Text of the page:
Civil Harrassment; 7-Time NBA Champion Robert Horry Throws Punches at a Trash-Talker

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(Photo by Gregory Shamus/NBAE via Getty Images)

Over the weekend, seven-time NBA champion Robert Horry got into a physical altercation with a man during his son’s basketball tournament.

Horry was at L.A. Live attending his son’s Nike 3ON3 tournament when he and another man, affiliated with the opposing team, got into a fight. In the video obtained by TMZ, the man approaches Horry and pushes him. According to witnesses, the man heckled Horry the entire game before the physical altercation took place.

As of right now, it is unclear exactly what caused the man to push the 6’10” Horry, but it didn’t look like it was a good decision. Horry responded by throwing multiple punches at the man but it is unclear if any of them landed.

According to Bleacher Report, the former Los Angeles Lakers and San Antonio Spurs star said he was simply acting in self-defense.

“The guy was trash talking the whole game. He shoved me. Where I’m from, you protect yourself,” Horry said.

In a wise move, instead of continuing the fight, the ballplayer decided it was in his best interest to remove himself from the scene. Horry said he was “the only one who was gonna lose in this situation.”

The 46-year-old also said this isn’t the first time the man has been verbally abusive towards his son’s team. If that is true, Robert Horry could have a possible civil harassment case on his hands.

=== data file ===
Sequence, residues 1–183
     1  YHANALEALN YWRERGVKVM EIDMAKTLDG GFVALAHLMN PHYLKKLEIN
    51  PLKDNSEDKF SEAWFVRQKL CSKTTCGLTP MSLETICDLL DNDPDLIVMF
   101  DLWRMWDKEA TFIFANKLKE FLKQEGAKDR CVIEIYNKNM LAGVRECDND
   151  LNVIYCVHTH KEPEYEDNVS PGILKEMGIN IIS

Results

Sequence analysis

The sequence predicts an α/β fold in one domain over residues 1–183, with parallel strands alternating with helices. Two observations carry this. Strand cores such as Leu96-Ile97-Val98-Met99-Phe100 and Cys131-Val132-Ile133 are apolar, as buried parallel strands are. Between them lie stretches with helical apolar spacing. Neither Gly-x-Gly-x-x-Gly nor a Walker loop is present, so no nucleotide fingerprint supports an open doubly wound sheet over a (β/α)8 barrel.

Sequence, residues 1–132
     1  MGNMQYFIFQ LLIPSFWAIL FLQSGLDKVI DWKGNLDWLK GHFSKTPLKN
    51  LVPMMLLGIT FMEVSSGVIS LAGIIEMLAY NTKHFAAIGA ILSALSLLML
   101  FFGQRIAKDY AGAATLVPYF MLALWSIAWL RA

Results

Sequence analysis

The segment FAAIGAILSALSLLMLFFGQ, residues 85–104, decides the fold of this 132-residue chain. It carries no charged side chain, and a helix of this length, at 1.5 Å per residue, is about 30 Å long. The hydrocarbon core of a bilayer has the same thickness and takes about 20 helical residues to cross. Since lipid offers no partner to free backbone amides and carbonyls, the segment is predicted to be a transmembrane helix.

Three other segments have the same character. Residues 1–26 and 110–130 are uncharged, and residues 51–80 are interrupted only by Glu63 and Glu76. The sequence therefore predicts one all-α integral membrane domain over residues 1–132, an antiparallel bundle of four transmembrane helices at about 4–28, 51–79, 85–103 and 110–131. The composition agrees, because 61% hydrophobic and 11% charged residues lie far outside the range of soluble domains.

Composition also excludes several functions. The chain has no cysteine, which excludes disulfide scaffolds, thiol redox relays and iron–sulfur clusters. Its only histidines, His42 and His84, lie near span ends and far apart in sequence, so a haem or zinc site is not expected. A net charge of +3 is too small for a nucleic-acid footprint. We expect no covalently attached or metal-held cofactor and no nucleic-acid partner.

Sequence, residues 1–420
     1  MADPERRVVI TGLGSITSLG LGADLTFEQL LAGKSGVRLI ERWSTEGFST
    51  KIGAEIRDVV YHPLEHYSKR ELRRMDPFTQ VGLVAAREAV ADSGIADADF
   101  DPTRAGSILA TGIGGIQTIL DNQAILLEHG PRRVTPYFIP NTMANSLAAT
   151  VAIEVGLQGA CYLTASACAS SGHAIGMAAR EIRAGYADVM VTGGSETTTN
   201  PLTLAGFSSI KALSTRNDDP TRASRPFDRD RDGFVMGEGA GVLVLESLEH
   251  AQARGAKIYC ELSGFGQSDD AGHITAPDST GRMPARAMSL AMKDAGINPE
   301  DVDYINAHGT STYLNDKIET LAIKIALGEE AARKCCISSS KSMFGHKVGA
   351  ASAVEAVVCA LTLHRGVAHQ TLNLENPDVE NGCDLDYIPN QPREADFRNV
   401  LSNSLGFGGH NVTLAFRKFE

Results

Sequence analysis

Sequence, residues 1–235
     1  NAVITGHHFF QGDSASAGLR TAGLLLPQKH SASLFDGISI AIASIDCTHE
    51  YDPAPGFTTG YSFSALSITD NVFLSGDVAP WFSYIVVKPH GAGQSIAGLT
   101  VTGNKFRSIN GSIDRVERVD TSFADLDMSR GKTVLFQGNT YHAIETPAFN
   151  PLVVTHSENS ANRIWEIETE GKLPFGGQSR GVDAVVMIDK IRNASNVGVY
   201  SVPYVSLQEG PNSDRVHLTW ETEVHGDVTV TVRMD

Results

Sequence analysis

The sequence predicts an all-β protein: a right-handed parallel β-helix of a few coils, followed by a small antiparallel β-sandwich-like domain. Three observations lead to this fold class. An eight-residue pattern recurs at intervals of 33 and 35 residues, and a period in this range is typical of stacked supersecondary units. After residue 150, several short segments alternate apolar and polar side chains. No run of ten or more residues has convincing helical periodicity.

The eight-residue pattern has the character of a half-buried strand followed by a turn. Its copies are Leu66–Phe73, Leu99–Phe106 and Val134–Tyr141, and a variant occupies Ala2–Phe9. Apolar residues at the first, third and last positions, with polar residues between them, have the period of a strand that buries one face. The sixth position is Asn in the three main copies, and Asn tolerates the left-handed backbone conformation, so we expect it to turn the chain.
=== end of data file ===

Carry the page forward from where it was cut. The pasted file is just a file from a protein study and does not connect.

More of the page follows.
California civil harassment laws say “harassment” is:

  • Unlawful violence, like assault or battery or stalking, OR
  • A credible threat of violence, AND
  • The violence or threats seriously scare, annoy, or harass someone and there is no valid reason for it.

“Credible threat of violence” means intentionally saying something or acting in a way that would make a reasonable person afraid for his or her safety or the safety of his or her family. A “credible threat of violence” includes following or stalking someone or making harassing calls or sending harassing messages (by phone, mail, or e-mail) over a period of time (even if it is a short time).

It is unclear if Horry will pursue any legal actions but if he decided to do so he would definitely have a case.

As for the man, he should probably steer clear of Robert Horry and his son’s team.

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